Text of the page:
A new poll on the USMCA suggests Canadians are feeling deal-makers' remorse - Macleans.ca

A new poll on the USMCA suggests Canadians are feeling deal-makers’ remorse

More respondents were disappointed with the deal than pleased with it, meaning a presumptive plus for the Liberals could be a liability

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Hold the applause? Foreign Affairs Minister Chrystia Freeland and Prime Minister Justin Trudeau address members of Global Affairs Canada's trade policy and negotiations branch THE CANADIAN PRESS/Adrian Wyld

A few weeks after the Trudeau Liberals’ victory lap on North American trade, cheers from the audience seem to have evolved into boos and groans, a new poll suggests. As a result, securing a new NAFTA may not be the clear winning issue the governing party hopes—but rather a source of fresh political ammo for the Conservatives.

More Canadians are disappointed than pleased with the U.S.-Mexico-Canada Agreement, according to a survey released Tuesday by the Angus Reid Institute. While it seemed like a late-September push from Foreign Minister Chrystia Freeland and her negotiators saved Canada from finding itself out of a two-way trade pact between Mexico and the United States, poll respondents aren’t so sure the deal was better than no deal at all: the country appears evenly split three ways as to whether it was better, the same or worse for Canada than not being part of the new deal.

Freeland and Prime Minister Justin Trudeau have celebrated the deal, alongside most business and labour groups, because it headed off Donald Trump’s threats of massive auto tariffs or widespread disruption to Canada’s industrial supply chains. “Every Canadian whose livelihood relies on trade—which is most of us—benefits from the renewed certainty,” Freeland wrote in an op-ed last week.

The Liberals have been gambling that Canadians understand the deal as an unusual one, in which a series of concessions on dairy and pharmaceuticals were necessary prices in the face of Trump’s bids to scrap the dispute resolution tool, impose a sunset clause or skew auto production south of the border. The Conservatives prefer to compare it to the status quo, rather than to the Trumpiest-case scenario.

Angus Reid Institute

“Justin Trudeau and the Liberals are measuring their success by what they managed to keep and hold on to, while the Americans are measuring their success in their victories and what they got from us,” Conservative Leader Andrew Scheer told a party rally in Ottawa on Sunday, to mark the one-year countdown to the 2019 election. “There is no way nobody in Canada can believe we got more out of this NAFTA deal than we had before.”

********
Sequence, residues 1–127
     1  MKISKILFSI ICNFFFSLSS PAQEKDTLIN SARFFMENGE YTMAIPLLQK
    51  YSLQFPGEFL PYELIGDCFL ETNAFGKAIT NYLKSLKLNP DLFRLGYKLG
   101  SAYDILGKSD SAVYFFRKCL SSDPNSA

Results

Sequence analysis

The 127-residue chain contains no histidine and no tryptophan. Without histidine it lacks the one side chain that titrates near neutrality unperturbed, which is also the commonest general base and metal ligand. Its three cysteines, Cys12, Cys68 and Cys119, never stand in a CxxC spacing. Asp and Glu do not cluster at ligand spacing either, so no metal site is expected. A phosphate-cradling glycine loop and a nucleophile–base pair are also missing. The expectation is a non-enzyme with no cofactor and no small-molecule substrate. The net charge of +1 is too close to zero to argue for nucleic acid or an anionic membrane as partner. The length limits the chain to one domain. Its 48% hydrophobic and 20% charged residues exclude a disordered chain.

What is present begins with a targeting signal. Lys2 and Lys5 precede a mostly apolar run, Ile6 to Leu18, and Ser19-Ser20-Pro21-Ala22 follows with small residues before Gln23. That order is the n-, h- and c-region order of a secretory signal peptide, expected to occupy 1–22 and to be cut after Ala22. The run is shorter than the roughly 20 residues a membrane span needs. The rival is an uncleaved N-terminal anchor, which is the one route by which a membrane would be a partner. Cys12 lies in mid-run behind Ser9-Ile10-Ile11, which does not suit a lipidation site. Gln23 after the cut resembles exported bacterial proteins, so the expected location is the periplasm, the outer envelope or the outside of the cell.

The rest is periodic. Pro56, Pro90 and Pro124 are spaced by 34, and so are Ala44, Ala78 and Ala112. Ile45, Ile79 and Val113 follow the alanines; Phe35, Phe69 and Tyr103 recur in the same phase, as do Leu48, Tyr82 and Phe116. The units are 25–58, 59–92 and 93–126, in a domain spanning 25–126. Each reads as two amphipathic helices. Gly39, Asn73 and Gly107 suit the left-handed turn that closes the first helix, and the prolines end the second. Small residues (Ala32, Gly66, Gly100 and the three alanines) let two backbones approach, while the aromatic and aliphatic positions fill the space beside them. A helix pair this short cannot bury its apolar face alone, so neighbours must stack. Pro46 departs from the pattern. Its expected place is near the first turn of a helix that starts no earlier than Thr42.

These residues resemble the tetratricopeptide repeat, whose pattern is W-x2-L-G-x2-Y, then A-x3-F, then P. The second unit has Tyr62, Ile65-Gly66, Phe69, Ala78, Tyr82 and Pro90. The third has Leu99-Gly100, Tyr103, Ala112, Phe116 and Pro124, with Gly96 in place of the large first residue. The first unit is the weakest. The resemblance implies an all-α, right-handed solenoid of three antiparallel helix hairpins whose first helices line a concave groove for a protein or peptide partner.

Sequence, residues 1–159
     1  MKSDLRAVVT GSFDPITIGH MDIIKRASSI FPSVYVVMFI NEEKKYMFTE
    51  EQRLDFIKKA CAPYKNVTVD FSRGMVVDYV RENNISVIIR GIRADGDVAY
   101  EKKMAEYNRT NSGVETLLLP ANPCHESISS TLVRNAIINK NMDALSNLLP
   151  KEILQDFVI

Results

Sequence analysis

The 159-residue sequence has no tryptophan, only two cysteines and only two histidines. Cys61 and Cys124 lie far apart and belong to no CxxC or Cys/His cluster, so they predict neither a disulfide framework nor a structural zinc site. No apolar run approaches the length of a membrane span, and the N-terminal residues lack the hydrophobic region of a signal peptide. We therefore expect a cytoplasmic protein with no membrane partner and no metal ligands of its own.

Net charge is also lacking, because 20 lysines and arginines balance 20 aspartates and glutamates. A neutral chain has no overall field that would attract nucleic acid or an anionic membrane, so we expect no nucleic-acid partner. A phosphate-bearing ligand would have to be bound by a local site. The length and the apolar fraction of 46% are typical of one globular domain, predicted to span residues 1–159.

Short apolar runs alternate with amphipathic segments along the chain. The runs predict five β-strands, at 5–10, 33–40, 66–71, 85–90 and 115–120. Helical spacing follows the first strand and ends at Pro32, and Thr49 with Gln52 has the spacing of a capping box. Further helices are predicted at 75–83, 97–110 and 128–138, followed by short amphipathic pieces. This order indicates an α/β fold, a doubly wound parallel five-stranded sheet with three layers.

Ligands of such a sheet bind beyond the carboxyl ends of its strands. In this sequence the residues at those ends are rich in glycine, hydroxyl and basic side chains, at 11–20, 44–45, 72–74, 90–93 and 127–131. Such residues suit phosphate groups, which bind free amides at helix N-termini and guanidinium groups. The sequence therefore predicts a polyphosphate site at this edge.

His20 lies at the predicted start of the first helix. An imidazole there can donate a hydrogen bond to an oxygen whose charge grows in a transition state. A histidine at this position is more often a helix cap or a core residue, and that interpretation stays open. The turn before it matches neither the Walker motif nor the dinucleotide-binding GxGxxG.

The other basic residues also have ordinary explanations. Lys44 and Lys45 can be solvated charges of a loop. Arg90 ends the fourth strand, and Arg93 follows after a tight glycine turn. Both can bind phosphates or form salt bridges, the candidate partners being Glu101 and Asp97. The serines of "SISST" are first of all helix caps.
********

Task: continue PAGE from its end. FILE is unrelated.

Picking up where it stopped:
“Nobody” isn’t quite accurate, but it’s not far off the mark. Only 18 per cent of Canadians think the country is better off with the USMCA than it was under NAFTA, the Angus Reid survey suggests; 47 per cent say the country fares worse, while 35 per cent feel things stay the same. Even among Liberal supporters, only 20 per cent feel the new deal is an improvement for Canada over NAFTA.

Liberal voters were largely more content than disgruntled about the new deal, 51 per cent to 33 per cent. But the concessions seem to have soured both the left and right on the deal—NDP and Conservative voters were both twice as likely to be disappointed than pleased with the USMCA.

Angus Reid’s online survey of 1,500 Canadians was conducted from October 11 to 17. A sample of this size normally has a margin of error of plus or minus 2.5 percentage points, 19 times out of 20.

RELATED: The USMCA keeps Canada in America’s thrall

While 45 per cent of respondents nation-wide said they’re disappointed with the deal compared to 34 per cent who are pleased, it’s a 58-27 split in Quebec, which is both where erosions of dairy supply management are most controversial and where the Liberals’ poll showing has been far stronger than the Conservatives’. In electorally crucial Ontario, where auto manufacturing reigns, public opinion is evenly split between those who like or are let down by the new accord.

Angus Reid Institute

The political winning and losing on USMCA may come down to who gets to frame the questions. Last week, an Abacus Data survey showed much more positive public sentiment. There, nearly three-fifths of respondents believed that the Trudeau government negotiated as best as it could for Canada, and two-fifths believed a Scheer-led Conservative government could have achieved more. Abacus found the same supportive result when it asked  whether Canadians would vote for or against the deal if they were MPs.

Four decades ago, Pierre Trudeau’s cabinet ministers asked voters to compare the Prime Minister not to the almighty, but to the alternative. Justin Trudeau’s team wants Canadians to think the same way on trade. These new poll numbers indicate that the Conservatives will fare best if they make Canadians hold up the trade deal the Liberals have produced against the one that existed prior to Trump and the younger Trudeau.

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